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Health Care Borrowers May Need to Rethink Funding Strategy as Bond Yields Move Higher, Investment Banker Says
The recent rise in 10-year U.S. Treasury yields could provide an incentive for some senior housing/health care borrowers to rethink their long-term debt strategy, one expert believes.
Interest rates on popular FHA-insured HUD loans typically move up or down in tandem with yields on 10-year Treasury notes, says Jeffrey A. Davis, Chairman of Cambridge Realty Capital Companies. In recent weeks, rates on 10-year Treasuries have jumped from 4.84 percent to 5.14 percent, an increase of 300 basis points (a basis point is one/one-hundredth of one percent).
Because they're on a similar trajectory, HUD rates are also up about .30 percent, Davis says. On a $10 million loan, this roughly works out to about $30,000 per year, or $330,000 over 10 years, he notes. But the impact of the increase is even greater because it significantly impacts the potential loan proceeds available to a borrower, Davis says.
Davis says the higher bond yields partly reflect stronger than expected economic growth and have all but erased expectations that the Federal Reserve Board would trim the short-term interest rate it sets for overnight loans between banks, which has remained unchanged over the past 12 months at 5.25 percent.
Just a few months ago, investors seemed convinced that the falling housing demand would send the economy into a downturn, forcing the Fed to cut short-term interest rates several times. But this scenario now seems less likely based on data that showed the economy bouncing back in the second quarter with improved manufacturing output and healthy job growth, Davis says.
But long-term bond yields are not solely reflective of stronger aggregate demand in the U.S. Today's higher U.S. Treasury yields reflect developments in international markets as well.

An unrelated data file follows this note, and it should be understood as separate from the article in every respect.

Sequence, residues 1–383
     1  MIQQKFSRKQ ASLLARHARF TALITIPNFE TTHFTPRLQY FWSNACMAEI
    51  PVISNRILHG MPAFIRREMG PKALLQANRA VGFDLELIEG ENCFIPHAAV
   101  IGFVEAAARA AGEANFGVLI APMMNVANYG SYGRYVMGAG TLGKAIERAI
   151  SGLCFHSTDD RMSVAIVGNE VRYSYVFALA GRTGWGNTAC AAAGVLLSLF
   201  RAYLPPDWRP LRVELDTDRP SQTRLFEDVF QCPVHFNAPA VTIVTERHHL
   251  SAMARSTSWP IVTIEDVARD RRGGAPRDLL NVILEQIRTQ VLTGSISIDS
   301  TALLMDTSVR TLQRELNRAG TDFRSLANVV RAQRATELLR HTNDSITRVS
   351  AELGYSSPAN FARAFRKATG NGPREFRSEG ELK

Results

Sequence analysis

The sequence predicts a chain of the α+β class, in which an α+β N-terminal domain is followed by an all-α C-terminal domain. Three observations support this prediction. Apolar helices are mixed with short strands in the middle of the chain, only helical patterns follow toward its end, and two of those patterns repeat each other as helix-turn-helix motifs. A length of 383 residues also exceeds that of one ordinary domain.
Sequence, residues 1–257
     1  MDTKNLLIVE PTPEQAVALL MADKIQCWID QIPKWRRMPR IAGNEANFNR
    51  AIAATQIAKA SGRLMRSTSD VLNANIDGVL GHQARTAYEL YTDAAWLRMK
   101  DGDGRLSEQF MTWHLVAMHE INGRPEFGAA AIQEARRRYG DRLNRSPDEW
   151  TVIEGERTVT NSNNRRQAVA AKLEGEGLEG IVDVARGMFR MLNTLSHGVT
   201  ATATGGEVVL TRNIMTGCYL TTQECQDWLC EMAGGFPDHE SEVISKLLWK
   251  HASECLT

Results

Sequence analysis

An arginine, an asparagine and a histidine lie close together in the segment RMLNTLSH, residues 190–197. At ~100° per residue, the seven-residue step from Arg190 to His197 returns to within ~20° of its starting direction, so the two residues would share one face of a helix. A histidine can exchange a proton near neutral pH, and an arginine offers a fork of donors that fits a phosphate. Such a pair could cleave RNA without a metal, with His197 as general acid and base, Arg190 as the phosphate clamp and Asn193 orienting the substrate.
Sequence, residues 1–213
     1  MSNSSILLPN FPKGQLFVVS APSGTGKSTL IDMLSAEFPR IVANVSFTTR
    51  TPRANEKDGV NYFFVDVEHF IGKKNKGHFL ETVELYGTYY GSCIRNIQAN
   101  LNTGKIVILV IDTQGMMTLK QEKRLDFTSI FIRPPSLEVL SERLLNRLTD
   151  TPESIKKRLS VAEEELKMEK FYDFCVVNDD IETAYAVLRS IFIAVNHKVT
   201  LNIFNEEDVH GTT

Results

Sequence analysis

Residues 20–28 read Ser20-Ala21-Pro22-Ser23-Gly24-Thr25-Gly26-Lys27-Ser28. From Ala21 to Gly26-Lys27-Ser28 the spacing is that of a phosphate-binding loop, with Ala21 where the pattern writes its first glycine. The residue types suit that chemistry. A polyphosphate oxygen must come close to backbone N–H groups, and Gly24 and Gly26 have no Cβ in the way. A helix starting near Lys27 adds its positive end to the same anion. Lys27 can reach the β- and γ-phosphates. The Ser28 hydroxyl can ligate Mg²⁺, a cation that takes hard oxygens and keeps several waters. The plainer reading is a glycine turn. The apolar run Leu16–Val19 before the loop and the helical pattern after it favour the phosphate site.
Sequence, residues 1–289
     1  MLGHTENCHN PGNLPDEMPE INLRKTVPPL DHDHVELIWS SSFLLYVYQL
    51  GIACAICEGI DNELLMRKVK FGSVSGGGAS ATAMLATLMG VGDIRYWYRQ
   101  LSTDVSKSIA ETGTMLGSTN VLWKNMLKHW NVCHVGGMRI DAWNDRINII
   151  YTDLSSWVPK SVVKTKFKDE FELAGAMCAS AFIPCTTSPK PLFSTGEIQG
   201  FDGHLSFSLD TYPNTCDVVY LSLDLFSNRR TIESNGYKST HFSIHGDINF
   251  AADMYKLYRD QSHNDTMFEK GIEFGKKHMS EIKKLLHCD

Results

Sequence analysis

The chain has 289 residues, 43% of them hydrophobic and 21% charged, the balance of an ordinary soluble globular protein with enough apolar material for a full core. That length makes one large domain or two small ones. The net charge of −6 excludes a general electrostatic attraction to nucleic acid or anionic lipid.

Davis says central banks in Europe, Canada and other foreign markets have either raised interest rates or threatened to do so, and economists have identified other international factors that appear to be impacting the U.S. bond market. For example, the global savings glut that Fed Chairman Ben Bernanke has credited with helping to hold down interest rates may be lifting. And China has shown signs of shifting its massive foreign exchange reserves from U.S. Treasury bonds to riskier assets.
The point is that it's becoming increasingly more difficult to gauge how events might unfold in the bond market. Davis urges clients to review their debts and, when possible, to move from variable to fixed-rate financing.
Privately owned since its founding in 1983 as a real estate investment banker specializing in commercial real estate properties, Cambridge emerged in the 1990s as one of the nationís leading senior housing and healthcare debt and equity capital providers, closing more than 280 such transactions totaling more than $2 billion since then.